Being a knower, however, is different from being a learner.
A learner is someone who is highly effective at figuring things out even when they don’t know what they’re doing. Some people look very impressive when they know things, but they quickly lose hope once they’re in a situation where they have to find their own answers, wrestle with complex problems, or stick with a subject even when it ceases to be easy or fun.
Knowing what a person knows is very different from knowing what it’s like to work with that person when they don’t know. The latter is far more important to the people who have to work with you. And since everyone has things they need to learn, it’s highly valuable when you can signal your ability to do that very thing with patience and persistence.
The practice of learning out loud distinguishes you from the overcrowded field of knowers and it shows the world what you look like when you’re in the middle of making sense out of things. When people can watch you learn, they’ll still get to see how effective you can be when you’re in the know. But more importantly, they’ll get to see how consistent and composed you can be when you have no clue.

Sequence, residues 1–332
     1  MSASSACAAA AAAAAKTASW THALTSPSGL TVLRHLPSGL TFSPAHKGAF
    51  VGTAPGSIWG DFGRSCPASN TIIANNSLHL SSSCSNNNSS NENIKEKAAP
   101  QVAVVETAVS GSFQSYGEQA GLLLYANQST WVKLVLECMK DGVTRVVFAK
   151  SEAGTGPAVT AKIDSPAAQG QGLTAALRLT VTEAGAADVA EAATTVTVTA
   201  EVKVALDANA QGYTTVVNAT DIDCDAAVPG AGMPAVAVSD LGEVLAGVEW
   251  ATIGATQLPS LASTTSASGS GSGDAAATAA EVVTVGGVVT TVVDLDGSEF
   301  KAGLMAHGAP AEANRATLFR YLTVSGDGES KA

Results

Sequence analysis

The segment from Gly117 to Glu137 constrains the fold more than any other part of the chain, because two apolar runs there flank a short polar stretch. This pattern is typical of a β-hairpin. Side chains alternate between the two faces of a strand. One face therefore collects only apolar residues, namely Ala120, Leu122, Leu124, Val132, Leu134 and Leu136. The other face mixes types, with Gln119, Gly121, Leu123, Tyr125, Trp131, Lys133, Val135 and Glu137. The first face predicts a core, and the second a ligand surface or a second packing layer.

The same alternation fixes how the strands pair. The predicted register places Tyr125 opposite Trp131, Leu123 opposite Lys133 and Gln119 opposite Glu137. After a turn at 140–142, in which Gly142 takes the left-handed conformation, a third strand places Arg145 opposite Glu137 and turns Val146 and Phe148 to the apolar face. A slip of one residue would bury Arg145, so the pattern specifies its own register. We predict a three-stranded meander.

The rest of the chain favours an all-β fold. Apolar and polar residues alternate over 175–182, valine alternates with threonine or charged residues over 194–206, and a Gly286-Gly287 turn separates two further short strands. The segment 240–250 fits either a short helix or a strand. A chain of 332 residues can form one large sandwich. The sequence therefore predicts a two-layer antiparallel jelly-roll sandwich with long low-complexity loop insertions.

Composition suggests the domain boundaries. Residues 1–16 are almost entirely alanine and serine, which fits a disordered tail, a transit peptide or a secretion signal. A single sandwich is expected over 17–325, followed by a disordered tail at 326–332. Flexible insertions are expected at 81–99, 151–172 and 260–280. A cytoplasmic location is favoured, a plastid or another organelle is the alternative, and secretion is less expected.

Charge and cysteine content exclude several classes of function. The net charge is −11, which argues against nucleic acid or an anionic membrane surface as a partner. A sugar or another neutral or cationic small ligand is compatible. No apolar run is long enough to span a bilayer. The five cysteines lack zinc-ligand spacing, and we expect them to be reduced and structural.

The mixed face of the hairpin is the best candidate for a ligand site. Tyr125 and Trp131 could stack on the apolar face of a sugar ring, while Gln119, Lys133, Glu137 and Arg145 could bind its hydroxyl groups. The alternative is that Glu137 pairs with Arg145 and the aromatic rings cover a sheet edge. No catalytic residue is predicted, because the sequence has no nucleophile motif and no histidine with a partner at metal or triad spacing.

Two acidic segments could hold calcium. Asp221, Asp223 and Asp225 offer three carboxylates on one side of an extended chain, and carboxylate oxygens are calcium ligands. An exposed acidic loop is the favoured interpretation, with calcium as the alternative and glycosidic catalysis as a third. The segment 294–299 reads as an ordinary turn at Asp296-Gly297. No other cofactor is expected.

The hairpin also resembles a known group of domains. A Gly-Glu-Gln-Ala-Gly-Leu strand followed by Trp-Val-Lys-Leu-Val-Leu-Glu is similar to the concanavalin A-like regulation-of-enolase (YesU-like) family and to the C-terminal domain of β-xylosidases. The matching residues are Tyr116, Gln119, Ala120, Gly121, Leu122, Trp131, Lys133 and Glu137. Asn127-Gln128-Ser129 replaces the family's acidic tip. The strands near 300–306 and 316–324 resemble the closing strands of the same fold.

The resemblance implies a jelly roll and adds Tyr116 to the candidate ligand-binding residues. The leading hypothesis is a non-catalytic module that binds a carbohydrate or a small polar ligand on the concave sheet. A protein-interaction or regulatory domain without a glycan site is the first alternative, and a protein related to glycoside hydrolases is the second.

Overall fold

When building your professional brand, it’s easy to assume that everybody wants to see an article about “The 19 secrets to life you know at age 19” or “How you made six figures in six months at age sixteen,” but nothing rings more authentic and promising than your ability to say “I don’t know anything about this, I’m determined to learn, and I’m going to let you watch me keep my marbles together while I figure this thing out.”
2. Your visceral reaction to content can be more influential than the content itself